Beyond our borders – a global approach to contract work

June 26, 2024

In Amazon’s ‘Just Walk Out’ stores, sensors and deep learning were supposed to dispense with the need for employees and even self-checkout machines. Behind the seeming automation, however, were a thousand contract workers in India who watched videos of customers and reviewed transactions to train the machine learning algorithm. Silicon Valley’s AI boom would not be possible without contract workers training AI models in the US and across the Global South. 

And yet, these workers remain vulnerable to poor pay and traumatizing working conditions, as well as abrupt dismissal with little or no recourse, as a recent open letter from Kenyan tech workers showed. At TechEquity, we see the connections between vulnerable workers in California and around the world as central to our mission of ensuring that tech’s evolution benefits everyone.

Our CEO and Founder Catherine Bracy speaking about AI workers around the world at the Joint California Summit on Generative AI

Global AI supply chains

Through globalization, everything from the production of cars and clothes to agriculture and IT has become distributed across the world. Outsourcing parts of the production process to leverage cheap labor costs and poor regulation in the Global South is nothing new. AI supply chains follow these well-established pathways, with one key difference—data workers who do the real work behind the scenes often remain invisible at home and around the world.

Disparities in contract work

Our research on the Contract Worker Disparity Project demonstrated that contract workers are paid less, receive fewer benefits, and are disproportionately women, non-binary, and people of color in comparison to their directly-employed peers. These same workers are also most likely to be training AI models and are most vulnerable to being replaced by these models once they are functional or when companies realize that the technologies are not viable. Workers we interviewed in California have shared their experience with the global expansion of remote work and the significantly lower wages that companies pay workers in the Global South.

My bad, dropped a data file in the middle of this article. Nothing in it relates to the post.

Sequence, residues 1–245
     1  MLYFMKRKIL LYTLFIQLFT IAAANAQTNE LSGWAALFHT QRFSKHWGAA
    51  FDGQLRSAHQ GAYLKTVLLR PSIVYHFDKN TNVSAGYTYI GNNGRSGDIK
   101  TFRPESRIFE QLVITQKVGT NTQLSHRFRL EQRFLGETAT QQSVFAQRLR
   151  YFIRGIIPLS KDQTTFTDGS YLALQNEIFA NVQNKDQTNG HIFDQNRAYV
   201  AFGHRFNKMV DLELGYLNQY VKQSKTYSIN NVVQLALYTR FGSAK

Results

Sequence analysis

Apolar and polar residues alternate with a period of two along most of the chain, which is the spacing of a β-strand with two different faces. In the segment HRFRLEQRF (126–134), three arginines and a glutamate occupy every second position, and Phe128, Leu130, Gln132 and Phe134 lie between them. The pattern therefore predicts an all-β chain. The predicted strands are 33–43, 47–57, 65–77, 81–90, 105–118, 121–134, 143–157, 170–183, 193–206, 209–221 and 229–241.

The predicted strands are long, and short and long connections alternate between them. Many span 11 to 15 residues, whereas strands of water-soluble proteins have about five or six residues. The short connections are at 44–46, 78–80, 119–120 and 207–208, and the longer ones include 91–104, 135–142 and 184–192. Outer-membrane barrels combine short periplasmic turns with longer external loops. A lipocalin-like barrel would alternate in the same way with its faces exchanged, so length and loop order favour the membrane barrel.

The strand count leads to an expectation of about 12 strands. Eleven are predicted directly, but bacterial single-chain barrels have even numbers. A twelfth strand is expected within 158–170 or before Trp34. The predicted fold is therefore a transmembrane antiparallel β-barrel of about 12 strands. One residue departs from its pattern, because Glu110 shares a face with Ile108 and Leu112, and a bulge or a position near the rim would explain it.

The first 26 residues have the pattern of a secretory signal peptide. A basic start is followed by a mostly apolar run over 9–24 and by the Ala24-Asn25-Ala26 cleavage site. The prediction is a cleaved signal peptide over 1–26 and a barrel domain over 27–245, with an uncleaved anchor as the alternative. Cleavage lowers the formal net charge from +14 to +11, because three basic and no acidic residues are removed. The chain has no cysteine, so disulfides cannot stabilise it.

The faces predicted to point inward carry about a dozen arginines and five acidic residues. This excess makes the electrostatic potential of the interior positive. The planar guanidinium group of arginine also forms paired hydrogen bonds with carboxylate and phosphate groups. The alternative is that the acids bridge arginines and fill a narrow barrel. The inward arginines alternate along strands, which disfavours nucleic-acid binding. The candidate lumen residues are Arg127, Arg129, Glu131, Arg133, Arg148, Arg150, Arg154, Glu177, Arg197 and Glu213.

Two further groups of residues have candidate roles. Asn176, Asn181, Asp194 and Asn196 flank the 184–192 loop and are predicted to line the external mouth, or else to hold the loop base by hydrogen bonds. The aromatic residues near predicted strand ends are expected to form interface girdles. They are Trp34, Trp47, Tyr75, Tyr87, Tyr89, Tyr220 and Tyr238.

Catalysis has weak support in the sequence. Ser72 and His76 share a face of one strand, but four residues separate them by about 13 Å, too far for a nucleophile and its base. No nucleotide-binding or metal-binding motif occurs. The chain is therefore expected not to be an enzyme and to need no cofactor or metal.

Impact beyond our borders

We believe it is necessary to hold California-based tech companies accountable for the conditions under which they employ workers throughout the AI supply chain. Laws drafted in California, especially for the regulation of tech companies, are known to have far-reaching impacts. These rules determine the limits within which companies can operate and instate necessary guardrails to protect workers. 

By leveraging our expertise at the intersection of tech and public policy and developing partnerships with organizations in communities impacted by technology around the world, we are well positioned to work collaboratively to improve conditions for workers across the global labor force.

Where we’re going

To ensure that we act in solidarity with workers around the world, we will:

  1. Build relationships with experts and organizations with deep experience of work and technology in the Global South. 
  2. Learn from other industries where workers have built global solidarity spanning supply chains.
  3. Map the global AI supply chain and see how it connects workers in California to those around the world. 
  4. Hear stories from data workers here and abroad to understand what issues matter the most to them following our principle that the people who are impacted by a technology must have the agency to shape it. 
  5. Align our California policy work to take this new global perspective into account.
  6. Learn from and build upon the work of our partners, such as the AI Now Institute, Data & Society,  and Foxglove

What you can do

Do you work in this space and want to collaborate with us? We’d love to hear from you; you can get in touch with us here. You can also sign up for our newsletter or follow us on social media to stay up-to-date with info and action items.